In March 2016, human resources professional Nicola Nolan was made redundant, here she talks about how she turned it into a positive.
The whole process was an emotional rollercoaster and I struggled to cope with the full force of the change. Even though I was assured it was my role, not me, that was no longer tenable my overriding feelings were of rejection and despondency.
Being in human resources I knew exactly how people are expected to feel at various points of the redundancy process, but that didn’t help. I knew I should focus on the glowing reviews, peer awards, testimonials and exceeded targets I’d achieved but all I did was question myself: what did I do wrong? If I was so great, why didn’t they fight to keep me? Who can I trust? Where do I go from here? What is my purpose now?
Take the time to find the right job rather than rush into the first one
I could have panicked and jumped online to secure another job straight away. But instinctively I felt I’d regret making a knee-jerk decision about my future. Instead I took some time out.
You need to go through a grieving process after redundancy, just as you would when you lose someone close to you. It may seem like a silly comparison, but given you probably spend five days’ a week focussing on your job, most people spend more time at work and with colleagues than with anyone else. If you don’t grieve and process what’s happened it’ll impact how you search for jobs and potentially how you perform in an interview.
So, I called my husband and asked him to throw our camping gear in the car. We hit the road the next day, driving for eight hours to a sleepy seaside town in northern Western Australia. We pitched our tent and lived simply for two weeks – I wrote my diary, read books, drank wine, lay on the beach and slept a lot. It gave me the perfect space to think about recent events and what to do when I returned to reality.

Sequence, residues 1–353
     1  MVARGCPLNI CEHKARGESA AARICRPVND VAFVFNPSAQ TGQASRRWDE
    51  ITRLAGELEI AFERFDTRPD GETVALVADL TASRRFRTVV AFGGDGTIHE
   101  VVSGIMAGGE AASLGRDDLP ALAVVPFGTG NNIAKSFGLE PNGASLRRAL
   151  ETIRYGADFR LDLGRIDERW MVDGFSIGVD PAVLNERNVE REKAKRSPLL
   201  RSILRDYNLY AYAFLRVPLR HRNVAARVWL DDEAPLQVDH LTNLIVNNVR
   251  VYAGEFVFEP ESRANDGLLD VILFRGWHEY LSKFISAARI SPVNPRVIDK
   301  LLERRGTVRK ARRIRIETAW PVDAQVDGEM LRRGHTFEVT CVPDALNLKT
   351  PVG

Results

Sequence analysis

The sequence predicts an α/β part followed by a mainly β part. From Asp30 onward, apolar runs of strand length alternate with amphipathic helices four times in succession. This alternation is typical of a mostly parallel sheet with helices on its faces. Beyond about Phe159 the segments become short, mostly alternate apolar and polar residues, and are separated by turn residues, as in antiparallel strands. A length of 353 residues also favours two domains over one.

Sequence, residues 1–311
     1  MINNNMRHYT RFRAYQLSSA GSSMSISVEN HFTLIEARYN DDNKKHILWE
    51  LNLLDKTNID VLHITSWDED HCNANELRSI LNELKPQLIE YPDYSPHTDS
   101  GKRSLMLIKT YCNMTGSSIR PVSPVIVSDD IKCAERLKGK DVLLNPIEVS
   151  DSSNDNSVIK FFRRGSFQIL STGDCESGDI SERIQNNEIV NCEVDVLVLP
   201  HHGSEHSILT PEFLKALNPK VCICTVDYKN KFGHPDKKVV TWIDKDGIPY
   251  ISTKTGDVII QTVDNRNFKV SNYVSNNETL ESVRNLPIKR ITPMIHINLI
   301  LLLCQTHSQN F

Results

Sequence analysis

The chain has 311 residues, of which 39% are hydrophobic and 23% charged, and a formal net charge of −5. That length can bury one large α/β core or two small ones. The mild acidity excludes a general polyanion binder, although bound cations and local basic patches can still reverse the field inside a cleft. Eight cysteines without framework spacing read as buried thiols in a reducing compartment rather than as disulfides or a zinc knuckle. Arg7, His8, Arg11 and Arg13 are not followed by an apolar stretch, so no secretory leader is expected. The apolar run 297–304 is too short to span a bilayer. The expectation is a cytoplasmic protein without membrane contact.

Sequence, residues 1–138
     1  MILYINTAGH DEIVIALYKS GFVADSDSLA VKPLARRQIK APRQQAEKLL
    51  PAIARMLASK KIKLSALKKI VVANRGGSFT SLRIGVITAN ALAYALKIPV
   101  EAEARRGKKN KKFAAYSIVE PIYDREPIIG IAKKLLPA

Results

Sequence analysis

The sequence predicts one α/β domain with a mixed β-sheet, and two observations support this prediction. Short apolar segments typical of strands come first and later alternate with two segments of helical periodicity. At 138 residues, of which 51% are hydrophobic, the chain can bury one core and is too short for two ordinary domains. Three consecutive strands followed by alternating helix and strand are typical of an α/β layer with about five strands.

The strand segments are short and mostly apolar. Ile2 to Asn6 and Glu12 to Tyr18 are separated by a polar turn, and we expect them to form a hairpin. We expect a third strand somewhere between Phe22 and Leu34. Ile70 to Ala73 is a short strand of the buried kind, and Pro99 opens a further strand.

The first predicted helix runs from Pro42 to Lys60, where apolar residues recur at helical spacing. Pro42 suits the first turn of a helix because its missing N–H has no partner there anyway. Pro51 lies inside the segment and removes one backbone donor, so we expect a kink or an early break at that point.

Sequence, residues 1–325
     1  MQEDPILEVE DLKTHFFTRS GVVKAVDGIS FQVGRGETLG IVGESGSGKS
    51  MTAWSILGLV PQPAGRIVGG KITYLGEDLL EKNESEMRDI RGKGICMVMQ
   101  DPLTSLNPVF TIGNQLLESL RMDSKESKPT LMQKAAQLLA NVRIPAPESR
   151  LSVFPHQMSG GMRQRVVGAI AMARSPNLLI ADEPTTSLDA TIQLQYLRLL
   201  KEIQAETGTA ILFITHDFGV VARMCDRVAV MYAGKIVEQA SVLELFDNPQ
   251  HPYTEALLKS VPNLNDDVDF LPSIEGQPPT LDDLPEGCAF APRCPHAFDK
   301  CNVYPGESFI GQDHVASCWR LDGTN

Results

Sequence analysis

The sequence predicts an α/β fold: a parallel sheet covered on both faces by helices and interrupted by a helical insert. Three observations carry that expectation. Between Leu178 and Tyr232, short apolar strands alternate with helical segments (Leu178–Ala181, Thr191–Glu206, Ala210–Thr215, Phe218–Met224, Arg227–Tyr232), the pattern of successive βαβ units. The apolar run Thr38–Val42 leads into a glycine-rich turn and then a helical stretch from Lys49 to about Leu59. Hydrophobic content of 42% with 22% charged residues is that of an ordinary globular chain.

What did I decide? Rather than retreating to lick my wounds, which is usually what I do when I’m hurt and vulnerable, I did the opposite. When I got back I talked to colleagues, friends and family about what had happened and how I felt. They told me I was a good person, that I was valued and should believe in myself. They said this was the time to chase my dreams.
These champions, my cheerleaders, reminded me of past adversities and how I’d shown my strength of character during those times. Without their words, it would have taken me so much longer to heal. The warmth I received was in stark contrast to the clinically executed redundancy process. Talking was my attempt to make sense of what had happened and enabled people to give me positive love, support and encouragement.
This gave me the strength to take control of my future, which is important when you’re faced with uncertainty. I’ve established a business of my own, using my corporate experience to provide coaching and development support to individuals and organisations going through change. I’m also working freelance on projects for a couple of national businesses. I feel like I’m in charge of my career and love the variety and flexibility of my new life.
The whole process taught me how important it is to take time to think constructively about your future and to talk to people about your situation. The encouragement and support I got helped me back on my feet and gave me the confidence to pursue my new goals.
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